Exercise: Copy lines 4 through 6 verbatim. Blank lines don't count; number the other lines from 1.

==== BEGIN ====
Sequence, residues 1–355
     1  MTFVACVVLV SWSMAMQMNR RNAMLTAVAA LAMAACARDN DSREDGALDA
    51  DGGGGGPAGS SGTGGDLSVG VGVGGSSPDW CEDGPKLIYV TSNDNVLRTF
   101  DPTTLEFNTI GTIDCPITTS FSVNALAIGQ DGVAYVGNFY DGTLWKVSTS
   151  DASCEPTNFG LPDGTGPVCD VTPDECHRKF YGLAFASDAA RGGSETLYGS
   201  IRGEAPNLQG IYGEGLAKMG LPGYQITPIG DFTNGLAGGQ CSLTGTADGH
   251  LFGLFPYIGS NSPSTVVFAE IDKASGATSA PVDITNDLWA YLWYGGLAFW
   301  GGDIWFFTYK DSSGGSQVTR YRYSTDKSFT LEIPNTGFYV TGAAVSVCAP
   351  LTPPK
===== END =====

   101  DPTTLEFNTI GTIDCPITTS FSVNALAIGQ DGVAYVGNFY DGTLWKVSTS
   151  DASCEPTNFG LPDGTGPVCD VTPDECHRKF YGLAFASDAA RGGSETLYGS
   201  IRGEAPNLQG IYGEGLAKMG LPGYQITPIG DFTNGLAGGQ CSLTGTADGH